Now the devil, being envious and hateful of that which is beautiful, unable to endure the sight of such steadfastness of purpose, and glowing love towards God, raised up against Ioasaph many temptations in the wilderness. He called to his remembrance his kingly glory, and his magnificent body-guard, his friends, kinsfolk and companions, and how the lives of all had depended on his life, and he minded him of the other solaces of life. Then he would confront him with the hardness of virtue, and the many sweats that she requireth, with the weakness of his flesh, with his lack of practice in such rigours, the long years to come, this present distress from thirst, his want of any comfort, and the unendingness of his toils. In a word, he raised a great dust-cloud of reasonings in his mind, exactly, I ween, as it hath been recorded of the mighty Antony.

But, when the enemy saw himself too weak to shake that purpose (for Ioasaph set Christ before his mind, and glowed with love of him, and was well strengthened by hope, and steadfast in faith, and recked nothing of the devil and his suggestions), then was the adversary ashamed of having fallen in the first assault. So he came by another road (for many are his paths of wickedness), and endeavoured to overthrow and terrify Ioasaph by means of divers apparitions. Sometimes he appeared to him in black, and such indeed he is: sometimes with a drawn sword he leapt upon him, and threatened to strike, unless he speedily turned back. At other times he assumed the shapes of all manner of beasts, roaring and making a terrible din and bellowing; or again he became a dragon, adder, or basilisk. But that fair and right noble athlete kept his soul in quietness, for he had made the Most High his refuge: and, being sober in mind, he laughed the evil one to scorn, and said, ‘I know thee, deceiver, who thou art, which stirrest up this trouble for me; which from the beginning didst devise mischief against mankind, and art ever wicked, and never stintest to do hurt. How becoming and right proper is thy habit, that thou shouldest take the shape of beasts and of creeping things, and thus display thy bestial and crooked nature, and thy venomous and hurtful purpose! Wherefore, wretch, attempt the impossible? For ever since I discovered that these be the contrivances and bug-bears of thy malice, I have now no more anxiety concerning thee. The Lord is on my side, and I shall see my desire upon mine enemies. I shall go upon the adder and basilisk, the which thou dost resemble; the lion and the dragon I shall tread thee under my feet; for I am strengthened with the might of Christ. Let mine enemies be ashamed and turned backward: let them be driven and put to shame suddenly.’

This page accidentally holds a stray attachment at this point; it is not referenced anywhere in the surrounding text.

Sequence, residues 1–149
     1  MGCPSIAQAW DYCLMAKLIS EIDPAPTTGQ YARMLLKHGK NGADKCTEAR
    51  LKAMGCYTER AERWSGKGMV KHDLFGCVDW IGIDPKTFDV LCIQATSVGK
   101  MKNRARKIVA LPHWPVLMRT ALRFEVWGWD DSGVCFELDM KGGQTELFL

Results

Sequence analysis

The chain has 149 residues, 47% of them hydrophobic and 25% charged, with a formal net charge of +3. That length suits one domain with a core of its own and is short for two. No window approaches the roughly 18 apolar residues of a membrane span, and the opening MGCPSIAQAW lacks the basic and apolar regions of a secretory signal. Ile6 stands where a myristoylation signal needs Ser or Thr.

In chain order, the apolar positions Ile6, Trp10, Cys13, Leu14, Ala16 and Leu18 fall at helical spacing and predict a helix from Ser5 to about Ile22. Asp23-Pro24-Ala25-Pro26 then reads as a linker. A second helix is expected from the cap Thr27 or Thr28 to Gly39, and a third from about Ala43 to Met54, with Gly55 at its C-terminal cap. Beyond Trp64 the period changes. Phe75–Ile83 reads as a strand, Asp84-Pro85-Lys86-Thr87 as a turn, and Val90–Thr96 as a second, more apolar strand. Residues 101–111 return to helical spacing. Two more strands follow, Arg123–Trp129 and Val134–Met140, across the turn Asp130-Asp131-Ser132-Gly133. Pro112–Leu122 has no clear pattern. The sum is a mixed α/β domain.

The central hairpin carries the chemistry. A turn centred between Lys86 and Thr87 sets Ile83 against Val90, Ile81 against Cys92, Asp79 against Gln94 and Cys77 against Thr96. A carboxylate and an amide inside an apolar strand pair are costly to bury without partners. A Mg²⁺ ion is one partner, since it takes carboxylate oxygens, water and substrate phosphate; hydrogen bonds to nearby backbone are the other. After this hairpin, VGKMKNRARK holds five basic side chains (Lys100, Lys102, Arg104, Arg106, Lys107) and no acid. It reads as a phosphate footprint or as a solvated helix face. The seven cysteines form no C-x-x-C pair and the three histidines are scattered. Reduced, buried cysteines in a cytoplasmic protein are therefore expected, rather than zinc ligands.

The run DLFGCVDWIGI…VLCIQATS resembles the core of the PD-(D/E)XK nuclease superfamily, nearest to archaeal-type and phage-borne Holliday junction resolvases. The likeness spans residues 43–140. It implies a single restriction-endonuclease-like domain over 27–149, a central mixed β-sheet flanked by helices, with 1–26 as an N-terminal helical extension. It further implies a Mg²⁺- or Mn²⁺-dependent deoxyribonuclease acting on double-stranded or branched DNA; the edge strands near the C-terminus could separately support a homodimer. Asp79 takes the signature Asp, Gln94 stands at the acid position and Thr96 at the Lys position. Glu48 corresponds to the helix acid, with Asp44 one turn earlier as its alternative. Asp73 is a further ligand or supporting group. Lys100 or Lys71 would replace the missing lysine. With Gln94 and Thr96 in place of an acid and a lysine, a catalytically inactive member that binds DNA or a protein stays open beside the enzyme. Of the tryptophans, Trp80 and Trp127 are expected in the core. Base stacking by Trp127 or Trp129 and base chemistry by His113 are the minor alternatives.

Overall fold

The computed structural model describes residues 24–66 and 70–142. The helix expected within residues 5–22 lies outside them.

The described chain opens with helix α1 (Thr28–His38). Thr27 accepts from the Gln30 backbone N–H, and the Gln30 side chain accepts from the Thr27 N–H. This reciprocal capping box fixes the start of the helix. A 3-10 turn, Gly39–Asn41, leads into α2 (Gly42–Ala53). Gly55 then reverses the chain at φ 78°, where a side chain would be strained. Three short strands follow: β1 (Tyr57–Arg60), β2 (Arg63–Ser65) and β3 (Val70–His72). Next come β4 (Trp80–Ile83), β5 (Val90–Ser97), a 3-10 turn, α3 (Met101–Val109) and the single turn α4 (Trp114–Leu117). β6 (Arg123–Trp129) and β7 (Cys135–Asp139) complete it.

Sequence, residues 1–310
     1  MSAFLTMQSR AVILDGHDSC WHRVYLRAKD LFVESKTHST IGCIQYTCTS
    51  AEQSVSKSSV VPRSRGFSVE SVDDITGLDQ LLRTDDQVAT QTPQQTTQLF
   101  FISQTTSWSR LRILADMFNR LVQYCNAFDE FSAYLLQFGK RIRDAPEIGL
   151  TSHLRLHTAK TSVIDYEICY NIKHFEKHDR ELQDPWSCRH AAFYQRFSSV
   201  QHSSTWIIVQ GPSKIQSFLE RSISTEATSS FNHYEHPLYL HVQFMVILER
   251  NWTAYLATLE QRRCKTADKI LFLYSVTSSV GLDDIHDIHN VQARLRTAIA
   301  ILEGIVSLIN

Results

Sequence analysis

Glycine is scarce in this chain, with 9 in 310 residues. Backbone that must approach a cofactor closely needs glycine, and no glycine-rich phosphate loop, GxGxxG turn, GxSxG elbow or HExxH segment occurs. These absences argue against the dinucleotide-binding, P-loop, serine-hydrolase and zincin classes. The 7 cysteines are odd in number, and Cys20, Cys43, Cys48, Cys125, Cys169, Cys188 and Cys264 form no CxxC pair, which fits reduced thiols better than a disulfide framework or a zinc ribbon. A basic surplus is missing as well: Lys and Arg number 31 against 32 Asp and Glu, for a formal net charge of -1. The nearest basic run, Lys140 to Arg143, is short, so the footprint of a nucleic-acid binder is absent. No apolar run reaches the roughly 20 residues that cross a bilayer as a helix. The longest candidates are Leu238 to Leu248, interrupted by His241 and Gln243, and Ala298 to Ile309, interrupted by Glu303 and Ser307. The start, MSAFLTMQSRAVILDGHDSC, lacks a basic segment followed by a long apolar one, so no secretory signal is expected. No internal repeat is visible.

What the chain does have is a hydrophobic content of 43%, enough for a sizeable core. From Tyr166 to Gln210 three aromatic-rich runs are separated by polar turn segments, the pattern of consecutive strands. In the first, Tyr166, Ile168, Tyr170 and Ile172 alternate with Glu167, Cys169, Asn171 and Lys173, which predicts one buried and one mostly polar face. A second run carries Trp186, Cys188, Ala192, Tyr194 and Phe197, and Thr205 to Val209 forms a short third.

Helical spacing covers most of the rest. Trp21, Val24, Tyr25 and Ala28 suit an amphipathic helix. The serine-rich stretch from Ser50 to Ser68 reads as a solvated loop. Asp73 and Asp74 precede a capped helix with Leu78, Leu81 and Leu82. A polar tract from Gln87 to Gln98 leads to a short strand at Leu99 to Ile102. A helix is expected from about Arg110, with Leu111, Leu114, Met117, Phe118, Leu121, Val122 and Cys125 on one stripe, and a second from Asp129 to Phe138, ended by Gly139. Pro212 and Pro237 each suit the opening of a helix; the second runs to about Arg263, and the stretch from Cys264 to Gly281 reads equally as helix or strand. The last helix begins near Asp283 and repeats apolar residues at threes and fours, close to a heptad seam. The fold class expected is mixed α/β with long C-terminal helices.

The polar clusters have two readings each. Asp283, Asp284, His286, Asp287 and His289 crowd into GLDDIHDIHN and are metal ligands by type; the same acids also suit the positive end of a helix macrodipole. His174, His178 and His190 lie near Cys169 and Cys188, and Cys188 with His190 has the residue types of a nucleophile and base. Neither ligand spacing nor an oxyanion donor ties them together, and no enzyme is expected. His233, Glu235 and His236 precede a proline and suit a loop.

Thus speaking, and girding on that invincible weapon, the sign of the Cross, he made vain the devil’s shows. For straightway all the beasts and creeping things disappeared, like as the smoke vanisheth, and like as wax melteth at the fire. And he, strong in the might of Christ, went on his way rejoicing and giving thanks unto the Lord. But there dwelt in that desert many divers beasts, and all kinds of serpents, and dragon-shaped monsters, and these met him, not now as apparitions but in sober sooth, so that his path was beset by fear and toil. But he overcame both fear and toil by thought: fear, by the thought of love, that, as saith the Scripture, casteth out fear; and toil, by the thought of longing that maketh toil light. Thus he wrestled with many sundry misfortunes and hardships until, after many days, he arrived at that desert of the land of Senaar, wherein Barlaam dwelt. There also he found water and quenched the burning of his thirst.